versión On-line ISSN 1851-4979
Lat. Am. j. sedimentol. basin anal. v.15 n.2 La Plata ago./dic. 2008
Geomorphology: A Canadian Perspective by Alan S. Trenhaile.
Third Edition. Published by Oxford University Press. 424 pp. ISBN-13: 978-0-19-542474-4. ISBN-10: 0-19-542474-3. USD $74.95
The origin of Geomorphology can be referred to 2500 years ago when the ancient Greek, Roman, Arab and Chinese philosophers tried to comprehend the occurrence of earthquakes, volcanoes and the presence of seashells at high mountains elevations. Leonardo da Vinci, during the Renaissance, discussed the formation of valleys based on observation of natural processes. After catastrophism and uniformitarianism theories as explanations of the origin of Earth´s relief, in the later part of the nineteenth century, geographical and geological surveys were carried out on the western United States giving important contributions to the development of geomorphological theory. Then, Davis, Penck, King had stated different models of landscape evolution. In the last few decades the Geomorphology has been dominated by the study of modern processes, their mechanics and rates of operations and on the behaviour of earth materials.
In that sense, Alan Trenhaile has written Geomorphology: A Canadian Perspective, a comprehensive introduction to geomorphology, the study of physical features of the surface of the Earth and how they evolve. It is a text focused for undergraduate Geography and Earth Sciences Canadian students in its third edition.
The book has a well-organized index which shows 16 chapters giving the book a logical structure. The first four chapters refer to the history of Geomorphology, the main forces in Nature, weathering and soils, and the physical background of Canada. The book as a whole refers to Canada, although the majority of the following eleven chapters refer to landforms and processes in general. Thus, slope forms, glacial, fluvial, coastal and karst environments are described with the inclusion of several formulae on sediment processes for an analytical basis. Finally, the last chapter involved the environmental geomorphology that attempts to examine interactions between people and their surroundings.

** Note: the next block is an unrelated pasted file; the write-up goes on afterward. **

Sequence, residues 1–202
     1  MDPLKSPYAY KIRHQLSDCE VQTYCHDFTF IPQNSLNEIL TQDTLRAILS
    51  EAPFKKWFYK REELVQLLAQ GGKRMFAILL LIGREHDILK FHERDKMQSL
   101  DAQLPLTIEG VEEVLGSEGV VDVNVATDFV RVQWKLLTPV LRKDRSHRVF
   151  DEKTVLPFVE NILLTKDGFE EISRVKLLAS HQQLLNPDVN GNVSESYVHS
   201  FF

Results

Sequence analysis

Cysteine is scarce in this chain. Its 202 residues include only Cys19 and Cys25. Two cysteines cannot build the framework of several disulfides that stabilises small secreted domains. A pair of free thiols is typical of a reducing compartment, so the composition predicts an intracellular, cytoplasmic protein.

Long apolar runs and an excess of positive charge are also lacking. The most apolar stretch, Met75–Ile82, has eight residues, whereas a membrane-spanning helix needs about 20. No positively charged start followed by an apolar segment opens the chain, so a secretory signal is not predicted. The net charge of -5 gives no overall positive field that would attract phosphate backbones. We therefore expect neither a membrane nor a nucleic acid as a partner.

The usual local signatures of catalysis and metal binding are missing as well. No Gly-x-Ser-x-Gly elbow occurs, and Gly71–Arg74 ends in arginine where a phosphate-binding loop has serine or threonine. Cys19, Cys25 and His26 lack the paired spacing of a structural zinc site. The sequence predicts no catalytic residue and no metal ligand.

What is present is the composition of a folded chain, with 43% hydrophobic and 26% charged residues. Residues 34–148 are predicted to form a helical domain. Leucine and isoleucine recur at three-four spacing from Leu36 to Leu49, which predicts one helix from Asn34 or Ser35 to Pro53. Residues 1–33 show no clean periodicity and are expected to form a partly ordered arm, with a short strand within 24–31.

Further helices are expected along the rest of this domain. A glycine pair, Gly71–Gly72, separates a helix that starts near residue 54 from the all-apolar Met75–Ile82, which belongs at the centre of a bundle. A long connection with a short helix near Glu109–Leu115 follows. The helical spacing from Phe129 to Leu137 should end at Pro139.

All chapters are well written in a comprehensive manner giving the students the scientific study of landforms and surface processes essential to their knowledge. There are numerous photographs and figures to illustrate the concepts. Although the book is intended to Canadian perspective (three chapters are related to glaciers, glacial sediment and glaciation of Canada), there are also other examples in the world. Since it is a practical textbook, at the end of each chapter there is a summary to reinforce key concept and also an extensive glossary of terms is included.
This third edition differs from the predecessors in several ways. The first chapter has been divided to better introduce the philosophical and methodological foundations of the subject and the nature of the forces that drive and resist change in the Earth´s surface. The discussion of rivers includes two new sections on palaeohydrology and global rates of denudation. This edition also examines important phenomena elsewhere in the world, including the Fennoscandian ice sheet, the Indian Ocean Tsunami of 2004 and the hurricane that devastated New Orleans in 2005. All the chapters have been updated and more than forty new figures added.
Definitively, the book provides all the geomorphology and basic sedimentary principles with analytical discussions necessary to a whole comprehension of the Geomorphology. So, the book is worthy recommended to be read for Latin-American students, as it provides an outstanding coverage to introduce landform morphology and their processes of development.
Diana G. Cuadrado
CONICET - Instituto Argentino de Oceanografía - Universidad Nacional del Sur - Argentina